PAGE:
The immortal debate.

Top Line: With ultra-sensitive PSA tests widely available for close surveillance following prostatectomy, many people have landed on an “early salvage” approach as a solution to the decades long adjuvant-versus-salvage radiation debate.

The Study: That was fun while it lasted, but the gang’s back together again to reignite the debate. These prolific authors suggest, particularly when looking at very high risk pathology, that immortal time bias may be the only driver of small reported reductions in time to progression with the early salvage versus adjuvant approach. Now stay with us. Picture a man with a PSA rise to a level that would be considered progression (let’s say 0.4) over the 6 month period following surgery whose PSA wouldn’t have responded to either aRT or sRT. On the adjuvant arm, he would receive radiation post-op and be marked as progression at his first post-radiation lab check at roughly 6 months post-op. On the salvage arm, he would receive radiation within 4 months of his trigger PSA ≥ 0.2 (let’s say at 2 months post-op) and not have another lab check until as long as 3 months after his 2 months of radiation is delivered, meaning progression could be recorded as long as 10 months post-op. So the same man with the same disease course has “achieved’ almost double the time to progression with salvage radiation. Well that ain’t right. With that in mind, here's a multi-institutional retrospective analysis that includes 1383 men with post-prostatectomy adverse pathology (read: pN1, ECE and Gleason 8+, or invasion into seminal vesicles or adjacent organs).who received adjuvant (n=428) or early salvage (n=965) radiation. The kicker is, they excluded all men like the one above who never saw a decrease in PSA, i.e. the men who didn’t benefit from either approach. Alas, after propensity matching for systemic therapy, etc, all-cause mortality was significantly reduced among men receiving adjuvant versus early salvage radiation (HR 0.66), particularly when node-positive disease was excluded (HR 0.33).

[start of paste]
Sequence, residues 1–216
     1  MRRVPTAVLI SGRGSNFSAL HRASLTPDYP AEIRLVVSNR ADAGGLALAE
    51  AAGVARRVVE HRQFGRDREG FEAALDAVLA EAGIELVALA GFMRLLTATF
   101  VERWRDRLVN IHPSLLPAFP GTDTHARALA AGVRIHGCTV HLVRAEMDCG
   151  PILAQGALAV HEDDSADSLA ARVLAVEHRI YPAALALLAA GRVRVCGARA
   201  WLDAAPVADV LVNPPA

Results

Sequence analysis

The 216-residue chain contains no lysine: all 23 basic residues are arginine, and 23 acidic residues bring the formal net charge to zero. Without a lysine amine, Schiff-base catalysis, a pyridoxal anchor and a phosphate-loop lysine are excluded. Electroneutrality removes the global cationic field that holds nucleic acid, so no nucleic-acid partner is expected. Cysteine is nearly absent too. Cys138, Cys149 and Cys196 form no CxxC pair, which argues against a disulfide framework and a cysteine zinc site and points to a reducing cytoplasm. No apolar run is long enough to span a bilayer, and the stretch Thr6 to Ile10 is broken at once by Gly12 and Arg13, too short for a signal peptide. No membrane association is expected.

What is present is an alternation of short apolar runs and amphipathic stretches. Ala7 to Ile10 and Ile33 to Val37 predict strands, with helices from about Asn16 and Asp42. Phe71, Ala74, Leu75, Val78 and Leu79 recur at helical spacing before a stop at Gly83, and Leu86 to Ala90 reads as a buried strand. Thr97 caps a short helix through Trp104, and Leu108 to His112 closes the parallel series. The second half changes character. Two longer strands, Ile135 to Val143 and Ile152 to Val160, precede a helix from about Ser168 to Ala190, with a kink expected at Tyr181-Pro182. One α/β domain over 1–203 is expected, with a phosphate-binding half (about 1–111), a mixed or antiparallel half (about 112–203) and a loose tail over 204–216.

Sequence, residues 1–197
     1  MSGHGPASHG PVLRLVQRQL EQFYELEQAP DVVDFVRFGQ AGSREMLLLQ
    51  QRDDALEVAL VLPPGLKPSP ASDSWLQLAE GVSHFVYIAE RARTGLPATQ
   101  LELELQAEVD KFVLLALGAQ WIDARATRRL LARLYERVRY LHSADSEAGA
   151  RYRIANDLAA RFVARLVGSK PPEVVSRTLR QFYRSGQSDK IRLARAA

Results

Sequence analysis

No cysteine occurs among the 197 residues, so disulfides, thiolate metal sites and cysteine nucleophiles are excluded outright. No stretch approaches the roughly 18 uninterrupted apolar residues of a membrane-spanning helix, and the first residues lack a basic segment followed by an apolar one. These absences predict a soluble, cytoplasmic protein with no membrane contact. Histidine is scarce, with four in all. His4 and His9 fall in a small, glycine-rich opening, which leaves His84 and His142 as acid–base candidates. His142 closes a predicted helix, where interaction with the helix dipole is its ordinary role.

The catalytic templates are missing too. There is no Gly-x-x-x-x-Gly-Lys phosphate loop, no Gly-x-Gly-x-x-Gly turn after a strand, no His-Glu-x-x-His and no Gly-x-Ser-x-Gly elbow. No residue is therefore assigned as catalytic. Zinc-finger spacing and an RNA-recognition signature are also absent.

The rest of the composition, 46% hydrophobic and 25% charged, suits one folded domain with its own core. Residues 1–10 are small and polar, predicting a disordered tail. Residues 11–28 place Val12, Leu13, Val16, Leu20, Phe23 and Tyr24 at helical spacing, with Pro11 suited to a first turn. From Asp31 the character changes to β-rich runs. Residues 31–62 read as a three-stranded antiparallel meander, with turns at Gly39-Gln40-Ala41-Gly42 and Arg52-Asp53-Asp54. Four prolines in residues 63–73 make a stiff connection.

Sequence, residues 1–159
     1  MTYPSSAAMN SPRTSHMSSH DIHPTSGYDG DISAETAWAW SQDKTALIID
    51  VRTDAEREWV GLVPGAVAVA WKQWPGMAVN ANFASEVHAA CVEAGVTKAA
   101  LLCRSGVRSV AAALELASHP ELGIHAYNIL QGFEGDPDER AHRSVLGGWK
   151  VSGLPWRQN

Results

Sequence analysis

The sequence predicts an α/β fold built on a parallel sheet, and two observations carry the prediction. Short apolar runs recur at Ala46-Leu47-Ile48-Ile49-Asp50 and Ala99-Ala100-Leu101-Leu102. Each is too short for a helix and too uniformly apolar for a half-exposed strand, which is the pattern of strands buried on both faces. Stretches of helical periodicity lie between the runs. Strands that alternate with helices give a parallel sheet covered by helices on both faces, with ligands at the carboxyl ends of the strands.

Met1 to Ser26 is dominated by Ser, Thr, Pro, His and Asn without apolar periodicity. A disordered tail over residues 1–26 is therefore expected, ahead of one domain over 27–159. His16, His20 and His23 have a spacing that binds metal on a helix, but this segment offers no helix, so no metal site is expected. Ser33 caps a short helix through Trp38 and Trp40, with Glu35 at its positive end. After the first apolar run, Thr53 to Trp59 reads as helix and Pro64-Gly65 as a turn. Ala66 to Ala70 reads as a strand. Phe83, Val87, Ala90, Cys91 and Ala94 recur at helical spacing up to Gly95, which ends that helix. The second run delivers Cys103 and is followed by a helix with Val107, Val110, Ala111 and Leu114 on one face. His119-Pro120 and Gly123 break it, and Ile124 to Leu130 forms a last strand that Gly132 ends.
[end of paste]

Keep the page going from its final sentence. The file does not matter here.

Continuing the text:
TBL: Recognizing men with adverse pathology comprised at most 9%-17% of the enrollees in the three randomized trials designed to answer this question, we hope someone will still attempt a pooled analysis excluding “nonresponders.” | Tilki, J Clin Oncol 2021


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